Well, we definitely needed her help! I could identify some of the entrees on the menu, but I didn’t know how to order. I didn’t even know the currency! I remember taking out a handful of cash so this woman, doing the work of Christ, could say, “Here you need this much to pay. Put the rest away.” We needed her help, but we also needed to talk with her, to hear about her children and her experience juggling family life with college classes. We needed to have lunch together.
There’s something about being left out of the language I’m not sure we could learn another way. Nobody’s saying, it’s a good thing to exclude people. But live in the world for a little while, chances are, you will find yourself left out. When this happens, first it is embarrassing. Next it is scary. You might feel the flash of fear that goes, What if I become invisible? As though nobody can see you if they can’t understand you! But what if this is exactly the moment to hold on and pay attention…
Jesus is fluent in the language of Left Out. Stay here a little while and see, this is exactly the place to encounter Christ. Jesus will find you, and sit down at your table. “I’m going to have lunch with you,” he’ll say, as though that explains everything.
And so it is, every time I have been in over my head, not knowing what was being said or how to speak, pretty much the same thing happened: Someone who could speak English found me and reached out to help. It happened in Costa Rica. It happened when I went to church at Light Mission. It happened last summer when I needed to talk to our neighbors in the house right across Twelfth Street.
As it turns out, this is not an uncommon phenomenon. The travel blog called “Be My Travel Muse” gives advice for what to do if you find yourself somewhere in the world and don’t know the language. The author talks about body language, using context clues and hand gestures, then she explains: If all else fails, help will find you. Someone will come to your rescue and step in to translate; this happens all the time, she says.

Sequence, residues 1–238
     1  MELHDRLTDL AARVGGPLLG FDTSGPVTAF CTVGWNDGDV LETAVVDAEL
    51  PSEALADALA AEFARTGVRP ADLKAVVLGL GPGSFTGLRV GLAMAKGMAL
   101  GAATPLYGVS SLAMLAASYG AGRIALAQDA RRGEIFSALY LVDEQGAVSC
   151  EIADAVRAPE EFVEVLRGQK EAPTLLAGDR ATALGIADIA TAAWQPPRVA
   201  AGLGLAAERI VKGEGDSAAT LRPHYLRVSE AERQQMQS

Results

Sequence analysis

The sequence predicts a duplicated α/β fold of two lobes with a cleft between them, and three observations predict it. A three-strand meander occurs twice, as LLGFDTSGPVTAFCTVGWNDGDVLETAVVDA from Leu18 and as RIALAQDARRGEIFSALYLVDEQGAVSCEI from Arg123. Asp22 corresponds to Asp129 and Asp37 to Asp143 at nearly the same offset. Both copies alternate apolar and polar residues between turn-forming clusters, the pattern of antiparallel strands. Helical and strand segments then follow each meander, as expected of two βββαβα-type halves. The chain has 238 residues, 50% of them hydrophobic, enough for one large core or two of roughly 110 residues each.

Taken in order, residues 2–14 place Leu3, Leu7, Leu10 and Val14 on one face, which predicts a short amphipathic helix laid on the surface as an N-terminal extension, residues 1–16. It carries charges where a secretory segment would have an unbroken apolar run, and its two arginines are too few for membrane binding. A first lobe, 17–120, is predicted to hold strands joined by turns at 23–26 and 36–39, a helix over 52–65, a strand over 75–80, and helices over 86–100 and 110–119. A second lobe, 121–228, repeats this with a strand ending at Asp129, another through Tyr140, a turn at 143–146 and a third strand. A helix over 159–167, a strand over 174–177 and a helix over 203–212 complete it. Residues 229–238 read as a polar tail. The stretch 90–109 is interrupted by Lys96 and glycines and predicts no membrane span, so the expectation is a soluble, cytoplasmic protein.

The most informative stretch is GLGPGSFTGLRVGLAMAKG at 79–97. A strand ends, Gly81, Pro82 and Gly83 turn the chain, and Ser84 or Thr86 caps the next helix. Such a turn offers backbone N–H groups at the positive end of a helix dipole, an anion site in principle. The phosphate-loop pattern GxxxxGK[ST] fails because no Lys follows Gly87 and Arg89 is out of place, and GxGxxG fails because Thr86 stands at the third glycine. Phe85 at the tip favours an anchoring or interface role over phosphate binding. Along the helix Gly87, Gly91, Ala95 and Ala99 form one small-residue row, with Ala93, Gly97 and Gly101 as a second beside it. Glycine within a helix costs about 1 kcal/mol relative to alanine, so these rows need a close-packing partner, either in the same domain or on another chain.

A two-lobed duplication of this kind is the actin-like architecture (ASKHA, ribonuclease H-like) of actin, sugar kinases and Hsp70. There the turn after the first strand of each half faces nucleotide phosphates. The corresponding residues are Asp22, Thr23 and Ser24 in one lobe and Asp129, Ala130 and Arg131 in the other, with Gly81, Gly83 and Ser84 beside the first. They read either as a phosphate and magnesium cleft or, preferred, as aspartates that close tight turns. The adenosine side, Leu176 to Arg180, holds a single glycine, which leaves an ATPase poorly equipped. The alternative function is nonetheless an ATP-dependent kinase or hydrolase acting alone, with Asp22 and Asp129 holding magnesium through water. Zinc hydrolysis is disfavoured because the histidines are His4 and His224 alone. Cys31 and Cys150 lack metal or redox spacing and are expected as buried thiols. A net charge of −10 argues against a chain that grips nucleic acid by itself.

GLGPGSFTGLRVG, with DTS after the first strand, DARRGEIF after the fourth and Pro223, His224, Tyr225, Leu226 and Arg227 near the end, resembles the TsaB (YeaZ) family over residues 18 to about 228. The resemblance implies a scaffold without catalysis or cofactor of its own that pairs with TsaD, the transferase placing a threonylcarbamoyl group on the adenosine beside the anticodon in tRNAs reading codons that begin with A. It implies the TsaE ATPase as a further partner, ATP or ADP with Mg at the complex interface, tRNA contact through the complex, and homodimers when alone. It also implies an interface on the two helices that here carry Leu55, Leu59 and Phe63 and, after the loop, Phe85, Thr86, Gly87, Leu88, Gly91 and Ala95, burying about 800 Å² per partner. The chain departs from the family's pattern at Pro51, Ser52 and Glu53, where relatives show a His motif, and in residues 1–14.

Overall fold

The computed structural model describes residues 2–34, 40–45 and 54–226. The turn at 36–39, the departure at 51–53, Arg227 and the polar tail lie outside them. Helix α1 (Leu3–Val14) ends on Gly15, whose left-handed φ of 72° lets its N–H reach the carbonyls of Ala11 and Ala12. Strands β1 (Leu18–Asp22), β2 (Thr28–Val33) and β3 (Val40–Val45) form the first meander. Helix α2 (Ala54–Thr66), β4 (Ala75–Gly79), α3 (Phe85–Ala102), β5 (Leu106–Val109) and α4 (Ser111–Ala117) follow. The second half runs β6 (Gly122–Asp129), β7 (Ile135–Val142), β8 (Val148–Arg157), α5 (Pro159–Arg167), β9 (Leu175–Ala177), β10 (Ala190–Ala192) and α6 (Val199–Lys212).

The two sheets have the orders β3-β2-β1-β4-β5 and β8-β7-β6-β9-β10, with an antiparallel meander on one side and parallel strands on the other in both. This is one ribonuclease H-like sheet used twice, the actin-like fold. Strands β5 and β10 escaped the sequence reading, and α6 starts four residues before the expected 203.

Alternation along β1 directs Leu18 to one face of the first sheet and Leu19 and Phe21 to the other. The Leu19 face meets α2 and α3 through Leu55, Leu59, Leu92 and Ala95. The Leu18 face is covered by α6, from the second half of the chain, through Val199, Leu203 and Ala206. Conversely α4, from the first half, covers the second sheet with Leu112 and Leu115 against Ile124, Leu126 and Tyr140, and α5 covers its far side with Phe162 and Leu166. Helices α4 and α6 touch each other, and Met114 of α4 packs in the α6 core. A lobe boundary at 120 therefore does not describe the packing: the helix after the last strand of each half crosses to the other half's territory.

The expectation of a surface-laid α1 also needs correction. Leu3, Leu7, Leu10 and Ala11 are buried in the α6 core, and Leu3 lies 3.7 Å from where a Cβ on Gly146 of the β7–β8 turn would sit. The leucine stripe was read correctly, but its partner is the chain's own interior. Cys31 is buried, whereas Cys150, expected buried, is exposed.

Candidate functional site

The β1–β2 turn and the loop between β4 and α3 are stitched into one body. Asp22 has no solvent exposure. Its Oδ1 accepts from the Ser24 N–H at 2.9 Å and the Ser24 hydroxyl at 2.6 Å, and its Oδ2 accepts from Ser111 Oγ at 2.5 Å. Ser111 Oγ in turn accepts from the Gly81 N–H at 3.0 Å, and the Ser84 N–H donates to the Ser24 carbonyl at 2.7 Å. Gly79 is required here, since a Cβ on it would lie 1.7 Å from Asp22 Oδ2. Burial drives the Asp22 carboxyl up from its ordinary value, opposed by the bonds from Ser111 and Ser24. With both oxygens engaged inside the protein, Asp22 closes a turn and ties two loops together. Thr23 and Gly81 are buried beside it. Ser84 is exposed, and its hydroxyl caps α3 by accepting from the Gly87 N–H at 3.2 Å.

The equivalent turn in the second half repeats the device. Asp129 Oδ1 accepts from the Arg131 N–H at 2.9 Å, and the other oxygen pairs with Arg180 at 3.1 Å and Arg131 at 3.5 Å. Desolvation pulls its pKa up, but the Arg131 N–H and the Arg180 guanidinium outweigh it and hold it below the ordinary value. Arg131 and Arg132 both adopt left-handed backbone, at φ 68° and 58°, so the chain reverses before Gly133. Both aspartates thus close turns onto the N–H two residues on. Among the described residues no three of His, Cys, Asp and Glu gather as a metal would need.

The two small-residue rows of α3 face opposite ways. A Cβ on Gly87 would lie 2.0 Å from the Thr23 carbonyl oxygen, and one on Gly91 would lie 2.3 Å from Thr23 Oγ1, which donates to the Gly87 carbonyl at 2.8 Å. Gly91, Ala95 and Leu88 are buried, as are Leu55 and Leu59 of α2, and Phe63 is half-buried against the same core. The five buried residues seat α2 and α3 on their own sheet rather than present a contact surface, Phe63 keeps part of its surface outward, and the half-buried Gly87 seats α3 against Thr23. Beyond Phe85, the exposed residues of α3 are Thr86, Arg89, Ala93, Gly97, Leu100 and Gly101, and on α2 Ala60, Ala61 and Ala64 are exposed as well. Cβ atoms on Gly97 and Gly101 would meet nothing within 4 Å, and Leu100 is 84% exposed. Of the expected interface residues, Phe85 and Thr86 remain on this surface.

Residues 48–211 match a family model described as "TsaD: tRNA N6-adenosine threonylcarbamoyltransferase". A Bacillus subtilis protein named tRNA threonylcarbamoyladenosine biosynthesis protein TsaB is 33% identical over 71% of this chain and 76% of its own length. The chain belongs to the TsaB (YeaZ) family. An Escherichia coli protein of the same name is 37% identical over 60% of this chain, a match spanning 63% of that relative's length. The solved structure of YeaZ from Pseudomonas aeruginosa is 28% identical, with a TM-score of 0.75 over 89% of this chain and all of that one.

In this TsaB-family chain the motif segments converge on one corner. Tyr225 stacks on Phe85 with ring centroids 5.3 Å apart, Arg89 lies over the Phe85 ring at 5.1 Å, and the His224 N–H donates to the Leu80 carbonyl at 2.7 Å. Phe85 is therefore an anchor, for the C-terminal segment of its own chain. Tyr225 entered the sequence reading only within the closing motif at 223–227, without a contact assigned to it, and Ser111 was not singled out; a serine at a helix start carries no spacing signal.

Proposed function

Now part of this is because we English speakers enjoy unearned privilege. English is the language of tourism; a lot of the world’s people speak English. But part of this is because there are people who have a remarkable gift for noticing the person who is left out, then stepping up to help. It takes a certain blend of perceptiveness, and assertiveness, and compassion, and I want to learn how they do this!
Sure, knowing more than one language is good; this can equip us to help those who get in over their heads. But noticing the person who’s left out and summoning help, this is the work of the Holy Spirit.
This is something we can do in this community no matter how many languages we speak. This is something we do as Church of Peace. I was once a stranger and you welcomed me. I was once in over my head in a language I couldn’t speak, terrified of becoming invisible, and people I didn’t know found me, and rescued me, and you know we can do this for each other. We will see you. We will see Jesus. No one will become invisible.
Today we are celebrating Pentecost. This story is often called the Reversal of the Tower of Babel. You’d think if it were really reversing that story, then all the people from all different places would begin speaking one language, but that’s not what happens. Instead, we get a glimpse of God’s dream for creation.
When all the believers were together in one place, the Holy Spirit poured out upon them, and everybody began speaking in their own languages. In all the confusion and the chaos, all the people were in over their heads, and all the people were mercifully rescued. How is that we understand each other? The people in that fiery house spoke the words that summon the angels every time. “What does this mean?” they asked right out loud.
See all the grace in asking for help, all the grace in seeing the people who are asking for help.
Come, Holy Spirit. Amen.